The drug policy of the Soviet Union changed little throughout the existence of the state, other than slowly becoming more repressive, although some differences in penalties existed in the different Union Republics. Policies were focused on prohibition and criminalisation, rather than more liberal policies such as harm reduction and the rehabilitation of users and addicts.
Legislation against drugs first appeared in post-revolutionary Russia, in Article 104-d of the 1922 Penal Code of the RSFSR, criminalising drug production, trafficking, and possession with intent to traffic. The 1924 Soviet Constitution expanded this legislation to cover the whole Soviet Union. The 1926 Penal Code of the RSFSR suggested imprisonment or corrective labour for between one and three years as punishment for these offences, depending on the scale of the offence committed. It is noteworthy that drug possession without intention to traffic and the personal use of drugs warranted no penalties at this time.
Drug regulation remained largely untouched in the Soviet Union until 1974, when the Supreme Soviet issued a Decree entitled 'On Reinforcement of the Fight Against Drug Addiction'. This Decree was reproduced in Article 224 of the Penal Codes of all the Republics of the USSR, and not only increased the penalties for the offences mentioned above to between ten to fifteen years' imprisonment, but for the first time criminalised possession of drugs without intent to traffic, bringing a penalty of up to three years in prison. Additional offences of 'seducing another person to narcotic drugs', punishable by up to five years' imprisonment, and the theft of narcotics, punishable by between five to fifteen years' imprisonment, were also created. The term 'narcotics' used here referred to all drugs listed by UN Conventions, not just opiates.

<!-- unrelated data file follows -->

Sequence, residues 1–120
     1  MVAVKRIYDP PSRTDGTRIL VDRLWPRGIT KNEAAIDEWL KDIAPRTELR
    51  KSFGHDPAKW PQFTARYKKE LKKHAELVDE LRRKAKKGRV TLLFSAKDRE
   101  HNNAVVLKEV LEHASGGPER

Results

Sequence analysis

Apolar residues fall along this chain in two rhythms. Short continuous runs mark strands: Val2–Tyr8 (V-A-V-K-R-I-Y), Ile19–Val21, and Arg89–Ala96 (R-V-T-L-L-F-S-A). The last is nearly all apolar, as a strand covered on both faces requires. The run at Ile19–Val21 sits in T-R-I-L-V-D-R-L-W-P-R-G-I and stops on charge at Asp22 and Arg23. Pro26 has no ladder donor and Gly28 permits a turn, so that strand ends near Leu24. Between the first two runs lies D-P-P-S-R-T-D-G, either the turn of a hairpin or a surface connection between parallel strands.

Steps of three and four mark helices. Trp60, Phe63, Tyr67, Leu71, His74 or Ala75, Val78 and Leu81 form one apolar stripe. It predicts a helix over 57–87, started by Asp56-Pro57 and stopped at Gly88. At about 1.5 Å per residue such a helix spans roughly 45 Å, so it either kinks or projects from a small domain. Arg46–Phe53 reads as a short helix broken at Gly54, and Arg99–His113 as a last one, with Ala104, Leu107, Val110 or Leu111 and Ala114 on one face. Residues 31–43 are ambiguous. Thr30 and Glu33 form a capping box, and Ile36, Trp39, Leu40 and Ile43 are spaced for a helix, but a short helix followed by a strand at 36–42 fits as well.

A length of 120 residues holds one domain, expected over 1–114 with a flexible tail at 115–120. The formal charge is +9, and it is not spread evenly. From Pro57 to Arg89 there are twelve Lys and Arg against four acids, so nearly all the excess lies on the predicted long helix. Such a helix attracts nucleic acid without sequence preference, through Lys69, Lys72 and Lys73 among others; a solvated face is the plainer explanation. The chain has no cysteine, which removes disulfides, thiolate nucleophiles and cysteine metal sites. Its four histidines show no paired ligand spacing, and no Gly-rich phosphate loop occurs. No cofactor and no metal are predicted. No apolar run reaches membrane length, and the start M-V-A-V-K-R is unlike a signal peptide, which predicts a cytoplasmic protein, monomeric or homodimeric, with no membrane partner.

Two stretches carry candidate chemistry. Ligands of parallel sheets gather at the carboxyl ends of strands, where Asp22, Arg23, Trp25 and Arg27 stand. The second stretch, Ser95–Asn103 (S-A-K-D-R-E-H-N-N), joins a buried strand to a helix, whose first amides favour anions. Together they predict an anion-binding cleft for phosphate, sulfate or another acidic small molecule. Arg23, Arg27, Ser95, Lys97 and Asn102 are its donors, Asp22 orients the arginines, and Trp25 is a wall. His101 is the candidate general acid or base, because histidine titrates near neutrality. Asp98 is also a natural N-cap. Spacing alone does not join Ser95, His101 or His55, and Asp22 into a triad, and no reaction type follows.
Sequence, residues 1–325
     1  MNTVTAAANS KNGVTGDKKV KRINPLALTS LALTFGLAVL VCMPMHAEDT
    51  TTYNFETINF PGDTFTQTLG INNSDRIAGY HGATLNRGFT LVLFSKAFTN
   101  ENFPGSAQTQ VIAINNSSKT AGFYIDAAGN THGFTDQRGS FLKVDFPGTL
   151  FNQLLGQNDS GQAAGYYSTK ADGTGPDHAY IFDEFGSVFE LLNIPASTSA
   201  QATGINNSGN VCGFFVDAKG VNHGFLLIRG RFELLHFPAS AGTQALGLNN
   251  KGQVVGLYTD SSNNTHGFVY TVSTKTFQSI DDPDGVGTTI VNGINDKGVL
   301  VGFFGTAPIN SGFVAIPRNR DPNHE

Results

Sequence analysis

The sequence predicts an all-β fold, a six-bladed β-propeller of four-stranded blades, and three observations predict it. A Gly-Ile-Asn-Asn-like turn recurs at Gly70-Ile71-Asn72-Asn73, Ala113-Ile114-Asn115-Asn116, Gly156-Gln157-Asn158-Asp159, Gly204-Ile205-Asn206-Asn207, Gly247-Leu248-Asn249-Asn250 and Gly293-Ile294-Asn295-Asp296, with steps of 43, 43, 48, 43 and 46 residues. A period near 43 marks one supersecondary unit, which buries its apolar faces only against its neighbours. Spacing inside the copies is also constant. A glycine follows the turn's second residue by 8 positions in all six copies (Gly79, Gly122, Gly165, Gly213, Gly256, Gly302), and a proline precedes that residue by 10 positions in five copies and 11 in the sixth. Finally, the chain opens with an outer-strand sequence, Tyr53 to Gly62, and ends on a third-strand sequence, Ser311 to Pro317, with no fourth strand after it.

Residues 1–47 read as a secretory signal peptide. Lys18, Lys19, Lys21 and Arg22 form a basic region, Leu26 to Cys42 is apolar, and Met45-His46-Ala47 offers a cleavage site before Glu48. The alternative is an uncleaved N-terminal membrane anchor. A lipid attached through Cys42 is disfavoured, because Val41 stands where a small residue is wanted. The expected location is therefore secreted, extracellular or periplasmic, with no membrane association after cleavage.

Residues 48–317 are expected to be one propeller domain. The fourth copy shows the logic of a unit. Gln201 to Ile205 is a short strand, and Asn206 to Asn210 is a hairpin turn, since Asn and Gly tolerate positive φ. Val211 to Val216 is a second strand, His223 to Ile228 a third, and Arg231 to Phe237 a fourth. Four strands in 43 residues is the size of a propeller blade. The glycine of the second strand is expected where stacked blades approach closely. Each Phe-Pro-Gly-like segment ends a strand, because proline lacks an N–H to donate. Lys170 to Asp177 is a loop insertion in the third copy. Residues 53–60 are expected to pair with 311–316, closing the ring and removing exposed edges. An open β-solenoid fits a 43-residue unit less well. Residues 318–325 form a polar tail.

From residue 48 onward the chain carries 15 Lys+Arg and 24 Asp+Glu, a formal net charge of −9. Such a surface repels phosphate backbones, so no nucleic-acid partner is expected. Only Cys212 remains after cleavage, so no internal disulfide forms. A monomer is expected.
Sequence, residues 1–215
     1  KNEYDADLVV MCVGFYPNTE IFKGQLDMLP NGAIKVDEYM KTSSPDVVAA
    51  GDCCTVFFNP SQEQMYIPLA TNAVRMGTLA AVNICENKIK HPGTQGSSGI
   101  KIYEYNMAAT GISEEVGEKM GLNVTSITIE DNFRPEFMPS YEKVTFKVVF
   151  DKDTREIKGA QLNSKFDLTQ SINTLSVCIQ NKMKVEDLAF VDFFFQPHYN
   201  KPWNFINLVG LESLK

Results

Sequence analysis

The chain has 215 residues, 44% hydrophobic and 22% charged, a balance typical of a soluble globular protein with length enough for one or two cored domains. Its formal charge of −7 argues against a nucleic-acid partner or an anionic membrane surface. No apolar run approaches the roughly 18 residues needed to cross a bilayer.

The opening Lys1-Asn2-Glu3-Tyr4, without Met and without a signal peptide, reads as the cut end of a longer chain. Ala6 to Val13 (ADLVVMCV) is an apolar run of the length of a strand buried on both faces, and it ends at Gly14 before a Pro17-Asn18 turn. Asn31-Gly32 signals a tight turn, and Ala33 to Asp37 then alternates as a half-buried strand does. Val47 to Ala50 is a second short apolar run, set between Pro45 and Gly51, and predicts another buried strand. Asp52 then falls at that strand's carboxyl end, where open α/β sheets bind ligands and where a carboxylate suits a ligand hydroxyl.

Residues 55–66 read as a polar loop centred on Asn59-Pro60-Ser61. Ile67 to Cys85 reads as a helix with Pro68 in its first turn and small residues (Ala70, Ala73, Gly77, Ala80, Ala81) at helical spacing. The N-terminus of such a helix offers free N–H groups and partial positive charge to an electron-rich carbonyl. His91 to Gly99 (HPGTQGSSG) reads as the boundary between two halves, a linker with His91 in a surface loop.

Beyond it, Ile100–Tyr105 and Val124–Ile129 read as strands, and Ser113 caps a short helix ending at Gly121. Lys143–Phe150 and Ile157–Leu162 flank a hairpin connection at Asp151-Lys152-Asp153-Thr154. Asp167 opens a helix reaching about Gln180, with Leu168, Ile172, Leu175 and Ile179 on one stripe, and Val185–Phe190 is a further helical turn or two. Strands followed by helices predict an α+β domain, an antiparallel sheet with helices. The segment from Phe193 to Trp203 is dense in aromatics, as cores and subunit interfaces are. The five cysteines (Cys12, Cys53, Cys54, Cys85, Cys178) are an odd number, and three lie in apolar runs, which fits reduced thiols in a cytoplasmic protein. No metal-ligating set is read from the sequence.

A further decree issued in 1987 made a conviction for the above offences within a year of an earlier conviction for the same violation of the law liable to punishment of up to two years' imprisonment or corrective labor. Sergei Lebedev, the Chairman of the Association of Independent Advocates in Leningrad at the time, argued that the steady escalation of criminal penalties for drug use was "indicative of the Soviet authorities’ resignation to their complete inability to solve drug problems in a constructive and humane way".
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Treatment was performed in various different ways depending on the substance the patient was addicted to. A physician would usually administer their drug of choice in small doses for maintenance. This was done to prevent the patient from experiencing withdrawal syndrome.